Innocence Network calls on FBI to investigate agent


In April, a federal jury found that former sheriff's deputy Danny Miller fabricated evidence that led to the wrongful conviction of Innocence Project client Herman Atkins. Miller now works for the FBI, and  the Innocence Network yesterday called for him to be suspended and investigated. Atkins served 11 years in prison before he was exonerated by DNA testing, and he was awarded $2 million in a federal civil suit in April.

This is the first time that the Innocence Network, a consortium of 31 innocence organizations around the country, has asked that a law enforcement officer be suspended or investigated. The letter was signed by Kathleen Ridolfi, executive director of the Northern California Innocence Project at Santa Clara University Law School.

Ridolfi's letter to the Justice Department said that "in light of these extraordinary developments," the Innocence Network was asking that Miller be the subject of a formal investigation, "which could result in the termination of his employment with the Bureau. Indeed, given the security and sensitivity of Miller's assignment, we urge you to consider suspending him pending the outcome of the investigation."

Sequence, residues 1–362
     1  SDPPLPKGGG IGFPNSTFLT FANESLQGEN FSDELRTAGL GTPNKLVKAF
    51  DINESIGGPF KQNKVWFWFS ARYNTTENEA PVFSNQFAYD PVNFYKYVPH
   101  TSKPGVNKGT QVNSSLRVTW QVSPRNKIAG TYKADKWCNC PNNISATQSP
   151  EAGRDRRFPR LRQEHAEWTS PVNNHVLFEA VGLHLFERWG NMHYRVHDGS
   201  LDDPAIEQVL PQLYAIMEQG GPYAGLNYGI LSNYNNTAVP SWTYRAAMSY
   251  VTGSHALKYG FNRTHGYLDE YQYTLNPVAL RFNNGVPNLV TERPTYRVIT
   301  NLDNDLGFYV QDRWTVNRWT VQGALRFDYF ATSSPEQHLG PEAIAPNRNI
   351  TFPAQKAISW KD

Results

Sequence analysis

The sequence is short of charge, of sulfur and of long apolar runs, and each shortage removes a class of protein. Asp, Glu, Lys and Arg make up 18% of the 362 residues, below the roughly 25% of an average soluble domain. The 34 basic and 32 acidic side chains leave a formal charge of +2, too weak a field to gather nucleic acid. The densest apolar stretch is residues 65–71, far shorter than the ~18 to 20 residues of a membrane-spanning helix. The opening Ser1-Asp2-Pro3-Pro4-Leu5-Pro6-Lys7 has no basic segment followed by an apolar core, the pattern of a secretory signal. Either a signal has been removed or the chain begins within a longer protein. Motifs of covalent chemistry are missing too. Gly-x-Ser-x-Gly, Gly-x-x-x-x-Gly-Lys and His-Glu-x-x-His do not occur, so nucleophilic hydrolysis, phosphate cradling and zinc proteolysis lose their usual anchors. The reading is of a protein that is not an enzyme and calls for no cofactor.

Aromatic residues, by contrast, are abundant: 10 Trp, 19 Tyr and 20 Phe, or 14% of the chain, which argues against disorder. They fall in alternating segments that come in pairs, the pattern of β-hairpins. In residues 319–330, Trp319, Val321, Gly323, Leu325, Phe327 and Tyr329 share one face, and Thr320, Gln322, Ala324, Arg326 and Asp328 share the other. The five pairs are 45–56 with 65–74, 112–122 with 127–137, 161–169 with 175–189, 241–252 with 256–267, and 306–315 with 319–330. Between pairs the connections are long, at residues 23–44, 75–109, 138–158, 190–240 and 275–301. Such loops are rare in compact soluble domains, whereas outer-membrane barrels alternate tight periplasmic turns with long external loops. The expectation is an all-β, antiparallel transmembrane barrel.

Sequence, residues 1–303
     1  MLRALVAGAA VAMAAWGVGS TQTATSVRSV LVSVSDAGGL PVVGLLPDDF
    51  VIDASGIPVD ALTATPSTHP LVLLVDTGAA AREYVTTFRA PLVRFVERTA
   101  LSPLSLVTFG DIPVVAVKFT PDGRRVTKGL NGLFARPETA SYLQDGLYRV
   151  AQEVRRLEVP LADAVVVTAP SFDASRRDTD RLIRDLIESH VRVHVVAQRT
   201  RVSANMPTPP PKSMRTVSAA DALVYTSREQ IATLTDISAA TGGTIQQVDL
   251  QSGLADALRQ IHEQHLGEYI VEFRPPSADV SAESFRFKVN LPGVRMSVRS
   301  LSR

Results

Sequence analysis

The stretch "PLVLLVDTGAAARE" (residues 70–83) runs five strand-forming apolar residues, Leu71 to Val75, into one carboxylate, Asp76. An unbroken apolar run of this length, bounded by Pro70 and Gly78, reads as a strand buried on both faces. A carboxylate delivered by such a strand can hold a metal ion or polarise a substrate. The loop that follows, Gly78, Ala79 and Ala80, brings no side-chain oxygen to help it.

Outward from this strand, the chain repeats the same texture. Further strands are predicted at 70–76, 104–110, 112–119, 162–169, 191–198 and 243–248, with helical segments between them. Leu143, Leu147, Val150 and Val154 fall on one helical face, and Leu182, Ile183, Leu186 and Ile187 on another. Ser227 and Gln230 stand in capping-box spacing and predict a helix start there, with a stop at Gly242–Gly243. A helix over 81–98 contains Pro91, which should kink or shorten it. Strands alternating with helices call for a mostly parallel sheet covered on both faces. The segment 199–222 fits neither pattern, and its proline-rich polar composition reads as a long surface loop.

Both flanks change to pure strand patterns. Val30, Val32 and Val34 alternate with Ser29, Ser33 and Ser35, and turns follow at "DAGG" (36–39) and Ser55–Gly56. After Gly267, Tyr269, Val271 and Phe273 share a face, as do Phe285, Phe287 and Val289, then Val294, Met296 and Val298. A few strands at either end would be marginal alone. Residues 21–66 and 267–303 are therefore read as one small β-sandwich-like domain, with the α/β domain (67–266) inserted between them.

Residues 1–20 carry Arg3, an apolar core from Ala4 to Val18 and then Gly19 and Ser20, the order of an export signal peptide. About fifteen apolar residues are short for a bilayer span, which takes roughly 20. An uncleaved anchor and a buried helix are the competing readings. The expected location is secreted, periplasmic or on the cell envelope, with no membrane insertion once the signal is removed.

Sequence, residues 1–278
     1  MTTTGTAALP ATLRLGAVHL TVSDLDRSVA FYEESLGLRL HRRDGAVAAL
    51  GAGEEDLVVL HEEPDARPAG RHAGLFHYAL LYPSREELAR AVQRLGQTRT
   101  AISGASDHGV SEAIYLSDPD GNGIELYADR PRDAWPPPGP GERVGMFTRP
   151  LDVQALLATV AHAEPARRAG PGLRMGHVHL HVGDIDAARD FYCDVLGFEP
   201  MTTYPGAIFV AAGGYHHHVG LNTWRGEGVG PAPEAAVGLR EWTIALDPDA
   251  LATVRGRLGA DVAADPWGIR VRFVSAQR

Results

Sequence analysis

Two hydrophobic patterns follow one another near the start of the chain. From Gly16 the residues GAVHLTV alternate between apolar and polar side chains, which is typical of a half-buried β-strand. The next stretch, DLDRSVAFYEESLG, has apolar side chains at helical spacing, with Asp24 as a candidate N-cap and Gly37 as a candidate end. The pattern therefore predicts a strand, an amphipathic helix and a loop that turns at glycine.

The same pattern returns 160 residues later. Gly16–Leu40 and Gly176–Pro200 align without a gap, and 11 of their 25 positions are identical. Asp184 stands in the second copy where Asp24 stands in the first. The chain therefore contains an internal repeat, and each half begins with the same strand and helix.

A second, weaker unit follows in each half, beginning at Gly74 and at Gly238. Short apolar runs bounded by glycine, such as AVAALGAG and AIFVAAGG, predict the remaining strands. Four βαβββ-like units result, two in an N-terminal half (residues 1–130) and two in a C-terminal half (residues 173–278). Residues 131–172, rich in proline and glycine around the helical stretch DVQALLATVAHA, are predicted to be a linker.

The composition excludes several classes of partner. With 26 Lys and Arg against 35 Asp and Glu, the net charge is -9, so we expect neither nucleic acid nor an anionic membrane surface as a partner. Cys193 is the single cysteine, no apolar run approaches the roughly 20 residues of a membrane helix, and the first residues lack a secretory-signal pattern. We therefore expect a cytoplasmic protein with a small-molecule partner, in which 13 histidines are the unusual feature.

"We are confident that the FBI and the Department of Justice will conclude . . . that it is inconceivable that our nation's homeland security will rely on the intelligence analysis of a man found in a court of law to be a liar and an evidence fabricator," Ridolfi added.


Read the full news story

. (Los Angeles Times, 09/05/07)

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Innocence Network


Herman Atkins’s case


Watch a video of Atkins telling the story of his wrongful conviction

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